'It is all about receptivity to his Word'
Guigo II, a Carthusian monk who died in 1137, gave the old tradition its definitive formulation. He wrote of the Lectio moment (the Reading moment), and of the Meditatio moment (the Meditation moment), and of the Oratio moment (the Oration or Prayer moment) and the Contemplatio moment (the Contemplation moment). In the years since, the Church has made his structuring her very own.
Lectio is a reading of the text with the listening ear of the heart. It is the most important step in the process: for God starts all prayer. He is always the first Word. Our reading should be a reverent and a slow one with one question in mind: What does this text say?
Meditatio is a reflection on that question by asking What does this text say to me? The text should be a mirror in which we see some of our experiences, some of our challenges, some of our thoughts, and some of our questions. We should reflect in silence, allowing the text to resound in us, slowly chewing this holy food, as Guigo wrote, savoring it, digesting it, and absorbing it in our whole being.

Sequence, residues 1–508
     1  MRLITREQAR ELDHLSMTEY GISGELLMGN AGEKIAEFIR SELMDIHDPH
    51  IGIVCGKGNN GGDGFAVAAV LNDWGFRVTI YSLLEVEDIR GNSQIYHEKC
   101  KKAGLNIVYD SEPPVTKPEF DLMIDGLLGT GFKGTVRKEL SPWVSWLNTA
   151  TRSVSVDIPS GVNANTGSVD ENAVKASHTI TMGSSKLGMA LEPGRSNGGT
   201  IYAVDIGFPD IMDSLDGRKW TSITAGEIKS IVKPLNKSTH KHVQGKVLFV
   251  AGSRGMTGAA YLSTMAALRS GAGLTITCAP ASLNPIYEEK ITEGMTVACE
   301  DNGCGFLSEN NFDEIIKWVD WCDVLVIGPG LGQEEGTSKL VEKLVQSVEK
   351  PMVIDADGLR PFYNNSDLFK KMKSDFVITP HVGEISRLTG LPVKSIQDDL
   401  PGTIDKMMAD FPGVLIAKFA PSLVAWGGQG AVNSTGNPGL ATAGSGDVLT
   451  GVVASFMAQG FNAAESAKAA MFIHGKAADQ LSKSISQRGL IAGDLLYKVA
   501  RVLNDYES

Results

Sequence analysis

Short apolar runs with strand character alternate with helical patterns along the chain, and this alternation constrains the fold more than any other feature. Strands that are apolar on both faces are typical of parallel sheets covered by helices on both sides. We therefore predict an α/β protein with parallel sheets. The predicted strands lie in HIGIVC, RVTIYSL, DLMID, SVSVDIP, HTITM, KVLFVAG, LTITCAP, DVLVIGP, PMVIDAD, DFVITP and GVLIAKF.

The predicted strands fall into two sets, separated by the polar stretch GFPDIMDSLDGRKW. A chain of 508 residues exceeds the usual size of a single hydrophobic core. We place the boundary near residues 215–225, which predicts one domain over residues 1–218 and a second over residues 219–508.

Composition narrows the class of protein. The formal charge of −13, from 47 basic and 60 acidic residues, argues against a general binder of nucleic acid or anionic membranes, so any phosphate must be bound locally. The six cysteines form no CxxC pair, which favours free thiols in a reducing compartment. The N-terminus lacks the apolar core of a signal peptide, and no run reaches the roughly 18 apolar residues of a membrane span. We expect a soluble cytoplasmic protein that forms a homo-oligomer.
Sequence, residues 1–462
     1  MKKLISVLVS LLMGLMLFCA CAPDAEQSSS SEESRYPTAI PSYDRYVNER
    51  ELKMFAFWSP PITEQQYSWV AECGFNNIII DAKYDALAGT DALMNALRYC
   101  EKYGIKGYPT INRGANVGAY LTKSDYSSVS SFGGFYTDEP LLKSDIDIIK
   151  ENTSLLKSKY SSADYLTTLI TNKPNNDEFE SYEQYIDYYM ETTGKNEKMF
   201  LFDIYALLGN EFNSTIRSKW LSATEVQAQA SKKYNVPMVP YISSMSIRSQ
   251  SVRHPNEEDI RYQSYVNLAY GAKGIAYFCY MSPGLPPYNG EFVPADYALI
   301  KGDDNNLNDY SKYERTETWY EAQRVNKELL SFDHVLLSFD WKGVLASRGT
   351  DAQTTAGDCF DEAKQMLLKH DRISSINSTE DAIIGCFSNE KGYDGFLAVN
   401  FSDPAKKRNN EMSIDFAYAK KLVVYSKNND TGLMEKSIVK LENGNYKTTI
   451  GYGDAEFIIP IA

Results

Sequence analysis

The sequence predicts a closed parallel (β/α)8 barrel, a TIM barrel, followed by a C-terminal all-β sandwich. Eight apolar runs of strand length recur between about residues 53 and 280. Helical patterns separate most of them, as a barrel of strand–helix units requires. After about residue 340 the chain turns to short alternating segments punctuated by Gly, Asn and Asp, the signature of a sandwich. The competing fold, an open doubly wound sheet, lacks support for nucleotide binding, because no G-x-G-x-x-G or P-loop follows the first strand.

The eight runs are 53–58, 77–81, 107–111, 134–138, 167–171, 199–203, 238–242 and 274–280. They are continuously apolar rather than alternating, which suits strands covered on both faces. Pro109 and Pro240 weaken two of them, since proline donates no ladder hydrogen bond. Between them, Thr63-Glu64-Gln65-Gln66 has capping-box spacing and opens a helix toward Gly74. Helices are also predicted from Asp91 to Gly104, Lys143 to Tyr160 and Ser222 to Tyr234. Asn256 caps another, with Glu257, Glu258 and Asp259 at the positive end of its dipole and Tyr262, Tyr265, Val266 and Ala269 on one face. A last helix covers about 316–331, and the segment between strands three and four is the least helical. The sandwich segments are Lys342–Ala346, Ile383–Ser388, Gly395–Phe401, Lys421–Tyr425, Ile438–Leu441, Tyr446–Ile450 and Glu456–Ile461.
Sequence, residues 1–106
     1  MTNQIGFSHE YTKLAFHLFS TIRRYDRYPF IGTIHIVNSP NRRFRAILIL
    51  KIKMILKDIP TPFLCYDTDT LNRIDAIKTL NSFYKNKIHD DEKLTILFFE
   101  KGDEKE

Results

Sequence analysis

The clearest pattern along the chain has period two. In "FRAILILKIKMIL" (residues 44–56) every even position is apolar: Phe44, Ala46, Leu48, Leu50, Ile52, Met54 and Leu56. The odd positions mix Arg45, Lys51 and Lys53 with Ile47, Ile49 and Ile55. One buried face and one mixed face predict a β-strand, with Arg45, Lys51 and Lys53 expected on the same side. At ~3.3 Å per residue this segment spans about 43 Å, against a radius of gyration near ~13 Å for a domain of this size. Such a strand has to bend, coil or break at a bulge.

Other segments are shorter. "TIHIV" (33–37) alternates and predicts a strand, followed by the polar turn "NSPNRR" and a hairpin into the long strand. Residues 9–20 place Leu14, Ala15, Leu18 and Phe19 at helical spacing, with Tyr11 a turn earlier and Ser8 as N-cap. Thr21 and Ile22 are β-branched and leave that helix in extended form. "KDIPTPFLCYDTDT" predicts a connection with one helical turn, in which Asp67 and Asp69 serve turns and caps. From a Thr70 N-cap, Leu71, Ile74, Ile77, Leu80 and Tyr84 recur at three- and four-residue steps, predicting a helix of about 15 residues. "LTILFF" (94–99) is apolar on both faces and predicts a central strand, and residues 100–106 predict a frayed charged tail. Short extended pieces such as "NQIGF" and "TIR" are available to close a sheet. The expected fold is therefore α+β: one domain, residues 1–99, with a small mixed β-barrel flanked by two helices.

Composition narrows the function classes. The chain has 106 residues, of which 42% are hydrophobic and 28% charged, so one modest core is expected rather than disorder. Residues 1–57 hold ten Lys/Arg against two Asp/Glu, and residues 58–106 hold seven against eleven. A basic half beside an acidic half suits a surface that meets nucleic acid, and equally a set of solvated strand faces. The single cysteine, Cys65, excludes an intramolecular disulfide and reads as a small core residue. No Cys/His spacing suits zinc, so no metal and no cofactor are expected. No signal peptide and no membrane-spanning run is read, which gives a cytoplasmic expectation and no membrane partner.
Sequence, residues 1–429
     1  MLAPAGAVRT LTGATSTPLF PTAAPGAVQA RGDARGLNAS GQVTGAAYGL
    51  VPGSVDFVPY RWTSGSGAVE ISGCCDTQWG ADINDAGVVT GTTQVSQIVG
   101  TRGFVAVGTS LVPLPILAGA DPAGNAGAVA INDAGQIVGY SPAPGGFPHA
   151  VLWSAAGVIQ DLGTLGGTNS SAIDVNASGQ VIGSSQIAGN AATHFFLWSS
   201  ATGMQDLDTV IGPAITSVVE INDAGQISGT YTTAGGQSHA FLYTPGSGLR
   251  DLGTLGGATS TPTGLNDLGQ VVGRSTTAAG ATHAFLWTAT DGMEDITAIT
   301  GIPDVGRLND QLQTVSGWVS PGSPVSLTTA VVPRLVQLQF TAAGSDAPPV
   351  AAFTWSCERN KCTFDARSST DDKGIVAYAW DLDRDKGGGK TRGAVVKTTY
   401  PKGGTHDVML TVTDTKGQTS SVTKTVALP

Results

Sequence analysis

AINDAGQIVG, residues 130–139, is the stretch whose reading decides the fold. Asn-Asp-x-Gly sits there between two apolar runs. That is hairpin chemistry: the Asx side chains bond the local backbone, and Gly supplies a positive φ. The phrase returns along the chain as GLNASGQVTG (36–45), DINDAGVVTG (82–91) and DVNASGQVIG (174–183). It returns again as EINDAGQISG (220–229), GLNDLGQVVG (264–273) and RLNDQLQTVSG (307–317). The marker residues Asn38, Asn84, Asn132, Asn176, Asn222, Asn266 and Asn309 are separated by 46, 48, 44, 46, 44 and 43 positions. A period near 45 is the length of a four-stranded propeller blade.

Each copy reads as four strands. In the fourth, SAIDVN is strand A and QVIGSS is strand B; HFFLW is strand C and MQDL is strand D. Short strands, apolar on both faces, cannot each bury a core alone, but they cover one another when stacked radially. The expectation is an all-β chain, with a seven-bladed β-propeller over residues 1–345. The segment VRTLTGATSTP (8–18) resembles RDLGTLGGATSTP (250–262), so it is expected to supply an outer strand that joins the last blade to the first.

Oratio is a praying in response to God’s Word. It asks a third question: What do I want to say to God after this reading and reflecting on this text? This practice is, after all, a dialogue with God. You can do this in writing if that is a more comfortable way for you.
Contemplatio is a quiet resting in God. Whereas Oratio is a word-filled prayer, Contemplatio is a mostly wordless silence, a prayer of few words, at least. It is the most essential thing in Lectio Divina: it allows God who must have the first Word in prayer to have this last Word as well. It is all about receptivity to his Word. What happens here is not really up to us.
It is not a question of choosing Lectio Divina over Word-Working. It is a question of using it as preparation for Word-Working’s sharing of the heart. The one completes the other.
Bishop of Dodge City